Example of an Agenda
Have you ever had one of those meetings and thought, “Oh, God! Why am I here? Why did this meeting take so long? And why was I invited?”
I think we all have had those meeting where you just don’t understand your objective to the meeting. Especially when you have 24 Billion more important things to do. And then the length of it just makes you want to hit your head.
You are not alone.
A 2014 study from Bain and Company found that 15% of an organization’s time is spent in meeting. Making per day $25 million wasted in meeting. In a year that is $37 Billion.
Yikes that’s some scary facts. And I’m sure your organization may be guilty of wasting valuable time in meetings.
To remove the guilt yourself, it’s time to let go of old traditional meetings that lack organizational and discipline so that you can have highly productive meetings.
First off, ask: “Does there necessary have to be a meeting? Could this be conducted with a short discussion with one or two people in a few minutes?” Since not all discussions or decision making does not need to conduct a meeting to get the results needed. Make sure that the meeting is required.
Once it is determined that the meeting is needed, it all start with the attendance list and what their roles are in the meeting. Some of the invitees will have more than one role to play but don’t put too much on their plate. Such as you don’t want the recorder to also be an active participant. Pick instead an ad-hoc member to do this role.
So here is a list that I have found that is effective when inviting people to the meeting.
Meeting Chair- You are responsible for the organization and conduction of the meeting. Managing all the topic/discussion/subject/objective/goal.
Meeting Coordinator- AKA Party Planner. Kind of, you are responsible for all the prior needs such as lunch and making sure you order at least one vegie pizza.
Facilitator- This role is deeply important to make sure that the meeting runs smoothly and efficiently. He/she is in charge of:
- Keeping track of the time
- Keeping the meeting to the subject
- Making sure everyone can voice their information intelligently
- Stay neutral the whole time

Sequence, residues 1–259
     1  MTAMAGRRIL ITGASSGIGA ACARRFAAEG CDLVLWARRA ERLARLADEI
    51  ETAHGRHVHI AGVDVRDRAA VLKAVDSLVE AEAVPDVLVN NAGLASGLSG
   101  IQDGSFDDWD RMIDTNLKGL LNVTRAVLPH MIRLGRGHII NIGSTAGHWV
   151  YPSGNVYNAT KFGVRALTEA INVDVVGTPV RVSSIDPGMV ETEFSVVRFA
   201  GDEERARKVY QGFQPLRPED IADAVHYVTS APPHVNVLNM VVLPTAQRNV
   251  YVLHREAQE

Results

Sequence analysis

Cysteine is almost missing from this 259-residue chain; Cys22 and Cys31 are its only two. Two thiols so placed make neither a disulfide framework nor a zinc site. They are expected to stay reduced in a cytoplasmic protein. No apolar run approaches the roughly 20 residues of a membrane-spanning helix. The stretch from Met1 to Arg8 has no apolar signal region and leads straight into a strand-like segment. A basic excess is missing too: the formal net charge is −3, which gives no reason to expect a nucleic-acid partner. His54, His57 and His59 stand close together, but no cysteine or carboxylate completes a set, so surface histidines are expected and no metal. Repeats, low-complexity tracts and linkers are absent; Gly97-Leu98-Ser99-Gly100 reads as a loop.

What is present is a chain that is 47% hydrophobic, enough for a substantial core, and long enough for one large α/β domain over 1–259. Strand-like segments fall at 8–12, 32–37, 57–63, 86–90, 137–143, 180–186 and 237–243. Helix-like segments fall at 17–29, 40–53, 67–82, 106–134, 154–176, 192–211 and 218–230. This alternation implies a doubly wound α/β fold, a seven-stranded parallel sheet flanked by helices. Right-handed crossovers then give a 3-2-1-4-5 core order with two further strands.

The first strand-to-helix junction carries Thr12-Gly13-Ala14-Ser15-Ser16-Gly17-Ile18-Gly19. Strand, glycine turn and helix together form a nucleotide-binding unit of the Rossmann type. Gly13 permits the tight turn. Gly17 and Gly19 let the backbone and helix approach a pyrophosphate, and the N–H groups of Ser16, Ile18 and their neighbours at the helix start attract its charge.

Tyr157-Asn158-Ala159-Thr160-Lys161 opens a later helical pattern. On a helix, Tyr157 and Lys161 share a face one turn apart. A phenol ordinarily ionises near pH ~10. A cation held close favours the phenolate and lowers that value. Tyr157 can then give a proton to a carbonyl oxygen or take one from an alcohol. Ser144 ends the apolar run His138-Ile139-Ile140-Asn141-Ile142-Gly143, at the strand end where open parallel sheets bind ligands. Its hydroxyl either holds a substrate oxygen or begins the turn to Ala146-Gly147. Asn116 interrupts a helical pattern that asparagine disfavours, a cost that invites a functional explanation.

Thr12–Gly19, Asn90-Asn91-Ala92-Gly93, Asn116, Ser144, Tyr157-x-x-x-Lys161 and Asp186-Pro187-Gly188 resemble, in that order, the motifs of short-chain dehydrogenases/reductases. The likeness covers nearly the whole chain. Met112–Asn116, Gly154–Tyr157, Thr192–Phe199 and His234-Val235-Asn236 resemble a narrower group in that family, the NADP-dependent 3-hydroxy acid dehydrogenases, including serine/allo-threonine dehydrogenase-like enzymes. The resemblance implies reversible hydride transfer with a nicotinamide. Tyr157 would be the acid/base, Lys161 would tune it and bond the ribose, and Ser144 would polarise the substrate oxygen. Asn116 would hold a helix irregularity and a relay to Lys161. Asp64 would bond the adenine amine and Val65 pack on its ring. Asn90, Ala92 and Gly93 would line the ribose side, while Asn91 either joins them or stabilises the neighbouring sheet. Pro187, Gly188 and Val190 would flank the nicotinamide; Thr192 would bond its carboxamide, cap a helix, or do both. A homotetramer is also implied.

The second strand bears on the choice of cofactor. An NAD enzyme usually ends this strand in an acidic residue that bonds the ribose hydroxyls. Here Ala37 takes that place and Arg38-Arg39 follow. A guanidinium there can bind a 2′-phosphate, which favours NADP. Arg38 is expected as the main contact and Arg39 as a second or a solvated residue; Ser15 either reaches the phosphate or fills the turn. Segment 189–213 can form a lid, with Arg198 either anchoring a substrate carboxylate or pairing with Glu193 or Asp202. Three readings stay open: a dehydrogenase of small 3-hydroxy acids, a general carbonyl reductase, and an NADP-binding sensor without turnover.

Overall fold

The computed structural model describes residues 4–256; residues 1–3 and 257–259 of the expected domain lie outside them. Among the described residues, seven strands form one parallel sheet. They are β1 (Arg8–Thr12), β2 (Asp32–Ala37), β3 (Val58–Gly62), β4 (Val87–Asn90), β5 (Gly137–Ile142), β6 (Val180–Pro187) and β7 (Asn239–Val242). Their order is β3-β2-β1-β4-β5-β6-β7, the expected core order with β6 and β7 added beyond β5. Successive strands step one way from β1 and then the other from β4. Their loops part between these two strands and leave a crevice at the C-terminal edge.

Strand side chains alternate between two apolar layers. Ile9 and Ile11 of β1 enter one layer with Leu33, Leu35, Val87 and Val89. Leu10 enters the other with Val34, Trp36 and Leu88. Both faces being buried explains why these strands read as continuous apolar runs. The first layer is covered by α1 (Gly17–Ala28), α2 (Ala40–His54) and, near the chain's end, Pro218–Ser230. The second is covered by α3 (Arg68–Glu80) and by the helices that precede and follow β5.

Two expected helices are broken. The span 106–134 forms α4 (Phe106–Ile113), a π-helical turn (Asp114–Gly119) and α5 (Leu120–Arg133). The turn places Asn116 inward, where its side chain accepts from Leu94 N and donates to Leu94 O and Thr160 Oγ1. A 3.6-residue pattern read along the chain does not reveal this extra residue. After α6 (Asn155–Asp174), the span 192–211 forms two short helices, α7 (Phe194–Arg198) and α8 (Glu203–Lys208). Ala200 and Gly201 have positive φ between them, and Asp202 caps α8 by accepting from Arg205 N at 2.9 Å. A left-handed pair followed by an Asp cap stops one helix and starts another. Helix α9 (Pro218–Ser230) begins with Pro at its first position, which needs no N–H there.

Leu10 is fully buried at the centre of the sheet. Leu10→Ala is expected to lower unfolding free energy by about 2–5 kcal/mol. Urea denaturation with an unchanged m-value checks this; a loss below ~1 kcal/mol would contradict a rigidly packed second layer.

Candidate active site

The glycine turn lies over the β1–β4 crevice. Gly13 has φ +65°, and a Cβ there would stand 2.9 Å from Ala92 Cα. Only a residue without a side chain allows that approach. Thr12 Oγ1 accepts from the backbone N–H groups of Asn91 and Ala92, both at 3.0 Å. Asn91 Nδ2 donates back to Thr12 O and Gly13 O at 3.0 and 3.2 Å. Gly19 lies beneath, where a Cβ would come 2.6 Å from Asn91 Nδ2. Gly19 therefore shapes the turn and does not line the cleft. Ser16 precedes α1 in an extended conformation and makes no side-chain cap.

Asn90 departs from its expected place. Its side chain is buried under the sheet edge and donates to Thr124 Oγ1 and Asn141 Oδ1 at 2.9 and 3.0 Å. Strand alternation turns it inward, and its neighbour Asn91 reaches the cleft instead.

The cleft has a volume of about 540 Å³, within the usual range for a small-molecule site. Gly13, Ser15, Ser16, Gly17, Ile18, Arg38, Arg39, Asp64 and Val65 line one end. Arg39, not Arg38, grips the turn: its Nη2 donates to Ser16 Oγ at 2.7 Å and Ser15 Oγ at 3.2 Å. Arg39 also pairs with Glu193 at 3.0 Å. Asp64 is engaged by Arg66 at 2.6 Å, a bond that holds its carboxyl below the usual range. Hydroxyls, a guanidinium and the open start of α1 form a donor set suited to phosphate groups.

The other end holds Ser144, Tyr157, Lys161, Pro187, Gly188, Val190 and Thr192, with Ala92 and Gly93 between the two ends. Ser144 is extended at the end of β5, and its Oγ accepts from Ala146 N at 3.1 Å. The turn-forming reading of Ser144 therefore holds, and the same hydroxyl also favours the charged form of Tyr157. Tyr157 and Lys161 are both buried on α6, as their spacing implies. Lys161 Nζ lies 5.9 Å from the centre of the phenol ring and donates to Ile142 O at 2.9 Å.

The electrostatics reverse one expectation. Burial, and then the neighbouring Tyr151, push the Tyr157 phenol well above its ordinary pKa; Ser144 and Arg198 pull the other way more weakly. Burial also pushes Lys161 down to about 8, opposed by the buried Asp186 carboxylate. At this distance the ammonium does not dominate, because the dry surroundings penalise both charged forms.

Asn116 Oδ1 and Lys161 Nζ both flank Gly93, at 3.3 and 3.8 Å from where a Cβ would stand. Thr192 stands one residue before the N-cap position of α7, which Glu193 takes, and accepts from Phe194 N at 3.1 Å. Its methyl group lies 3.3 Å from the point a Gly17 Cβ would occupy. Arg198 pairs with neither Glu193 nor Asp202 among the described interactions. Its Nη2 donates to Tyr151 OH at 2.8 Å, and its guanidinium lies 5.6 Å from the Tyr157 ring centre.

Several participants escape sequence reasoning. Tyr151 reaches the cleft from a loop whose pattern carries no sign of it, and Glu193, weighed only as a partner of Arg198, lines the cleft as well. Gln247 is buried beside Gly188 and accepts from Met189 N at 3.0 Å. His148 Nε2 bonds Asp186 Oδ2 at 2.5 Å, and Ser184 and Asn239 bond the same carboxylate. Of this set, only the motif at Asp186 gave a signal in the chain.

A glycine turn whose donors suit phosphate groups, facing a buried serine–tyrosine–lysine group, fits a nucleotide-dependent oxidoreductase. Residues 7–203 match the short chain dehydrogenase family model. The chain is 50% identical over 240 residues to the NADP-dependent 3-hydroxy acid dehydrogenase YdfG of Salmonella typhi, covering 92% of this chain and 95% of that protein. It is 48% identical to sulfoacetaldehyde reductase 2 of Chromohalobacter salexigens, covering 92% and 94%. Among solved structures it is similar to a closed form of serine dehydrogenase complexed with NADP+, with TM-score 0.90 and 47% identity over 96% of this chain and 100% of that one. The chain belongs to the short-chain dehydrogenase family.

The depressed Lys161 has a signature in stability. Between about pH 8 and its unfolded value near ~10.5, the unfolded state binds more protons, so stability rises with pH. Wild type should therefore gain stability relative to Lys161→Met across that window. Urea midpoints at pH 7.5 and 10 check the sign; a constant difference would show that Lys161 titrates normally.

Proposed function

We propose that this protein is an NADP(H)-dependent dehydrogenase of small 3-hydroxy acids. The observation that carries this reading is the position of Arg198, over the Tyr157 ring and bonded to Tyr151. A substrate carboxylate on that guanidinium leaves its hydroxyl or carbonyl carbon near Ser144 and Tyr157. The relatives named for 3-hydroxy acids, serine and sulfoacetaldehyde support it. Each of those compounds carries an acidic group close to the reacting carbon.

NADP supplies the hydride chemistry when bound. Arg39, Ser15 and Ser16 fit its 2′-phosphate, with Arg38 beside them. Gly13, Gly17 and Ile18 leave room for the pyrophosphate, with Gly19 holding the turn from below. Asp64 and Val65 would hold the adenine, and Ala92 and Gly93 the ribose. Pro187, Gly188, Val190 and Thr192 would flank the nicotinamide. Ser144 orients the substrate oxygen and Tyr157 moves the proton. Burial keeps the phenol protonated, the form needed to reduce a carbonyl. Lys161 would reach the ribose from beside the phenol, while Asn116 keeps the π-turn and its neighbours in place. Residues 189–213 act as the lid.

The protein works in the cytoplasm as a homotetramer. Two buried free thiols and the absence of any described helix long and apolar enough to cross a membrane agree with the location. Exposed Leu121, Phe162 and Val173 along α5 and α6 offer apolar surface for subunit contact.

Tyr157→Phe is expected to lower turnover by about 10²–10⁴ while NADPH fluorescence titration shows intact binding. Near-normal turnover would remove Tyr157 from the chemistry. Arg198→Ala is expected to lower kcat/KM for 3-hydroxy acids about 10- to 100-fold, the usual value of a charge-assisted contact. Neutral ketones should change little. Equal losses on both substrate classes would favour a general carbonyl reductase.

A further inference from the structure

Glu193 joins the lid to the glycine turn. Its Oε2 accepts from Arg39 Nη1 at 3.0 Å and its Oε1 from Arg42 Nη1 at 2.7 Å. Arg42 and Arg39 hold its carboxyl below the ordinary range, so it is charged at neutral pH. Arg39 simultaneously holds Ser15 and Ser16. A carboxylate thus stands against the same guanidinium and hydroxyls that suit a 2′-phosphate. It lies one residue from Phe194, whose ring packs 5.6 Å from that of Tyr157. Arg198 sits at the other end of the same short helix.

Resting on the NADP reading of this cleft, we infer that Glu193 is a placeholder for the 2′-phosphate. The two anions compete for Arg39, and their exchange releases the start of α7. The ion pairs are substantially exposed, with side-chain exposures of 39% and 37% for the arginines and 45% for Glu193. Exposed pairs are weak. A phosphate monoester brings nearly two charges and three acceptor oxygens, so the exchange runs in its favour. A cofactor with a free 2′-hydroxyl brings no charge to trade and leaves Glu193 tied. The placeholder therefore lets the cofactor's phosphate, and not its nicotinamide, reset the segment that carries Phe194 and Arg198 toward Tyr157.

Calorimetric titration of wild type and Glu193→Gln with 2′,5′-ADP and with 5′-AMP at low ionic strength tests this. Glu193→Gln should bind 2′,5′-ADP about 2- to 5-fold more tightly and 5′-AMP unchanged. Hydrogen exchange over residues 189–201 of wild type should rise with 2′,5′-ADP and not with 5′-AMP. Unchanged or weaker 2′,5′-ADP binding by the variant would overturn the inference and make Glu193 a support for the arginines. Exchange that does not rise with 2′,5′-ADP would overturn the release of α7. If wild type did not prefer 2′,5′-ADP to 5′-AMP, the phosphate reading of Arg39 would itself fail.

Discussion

- Keep things that are not on subject in the “Parking Lot”
Recorder- This person is solely in charge of keeping track of the meeting minutes.
Attendees: Should be a list of people who are there to make the meeting beneficial.
To know if this is the right person to invite make sure you ask the following questions:
- Is this person beneficial to the meeting? If so, how will their contribution help?
- Is this position a duplicate from someone else already invited to the meeting. E.I. having 2 people from IT.
- Does this person have the capabilities to make the proper decisions needed for the objective of the meeting?
- If it’s just a ad-hoc, only invite them to the meetings they are responsible for making decision or giving information.
- Keep the meeting to as little people as possible. A good rule of thumb is to keep it under 10 people.
When you invite your team, it is important to clarify what each individual’s role is in the meeting and what their objectives are.
After you have made the list, it’s best to check with these people on their availability on conducting the meeting. If your attendee have input into the decision process right away, they will more than likely participate without hesitation. However, you may not be able to please everyone on this time. So it may be best to just to schedule to those that are most vital to the meeting.
Once you have figured out the location, date, and time, it’s now time to put together the agenda.
Below you will find and example of a meeting agenda that is used in the past that makes meeting more efficient.
The next part you need is the Agenda Details. These are the topic/discussion/subject/objective/goal that need to be accomplished during the meeting. Along with the amount of time it takes to complete each topic/discussion/subject/objective/goal. Make sure you add them up and do not allow it to exceed the overall duration of the meeting.
Start your meeting off with what and why you are having the meeting. Then ask if there are any objections to the agenda.
Move from the agenda to topic/discussion/subject/objective/goal of each of your Agenda Details. Keep to the subject and within the minutes of the conversation.
To keep things on track you can create a list of rules that will apply to the meeting.
Make a list of Rules that apply to not just meeting but every meeting
If a subject goes off topic, make sure the coordinator/facilitator objects to the subject and Meeting minute note taker writes the subject in the “Parking Lot”. This can be discussed if there is time at the end of the meeting or privately after the meeting.
Finally end your meeting by answering questions, closing arguments (timed) if necessary, finish the objective of the meeting (vote/decision), quick review of the meeting, and if there is time, “Parking Lot” subjects.
The point of leaning your meeting is to be effective. Effectiveness is in getting the topic/discussion/subject/objective/goal clearly and transparently resolved without wasting any more time than necessary. If you can discipline you and your team to create a clear and concise targeted meeting, then you can execute more time into doing other tasks that are the days agenda.
To find out how to make your meetings run more efficient, just click the button below to set up a 15 minute one-on-one conversation with Valorie about making not just your meeting and business run as smoothly and efficiently as possible in order to maximize your revenue.
Dynamic Empire Consulting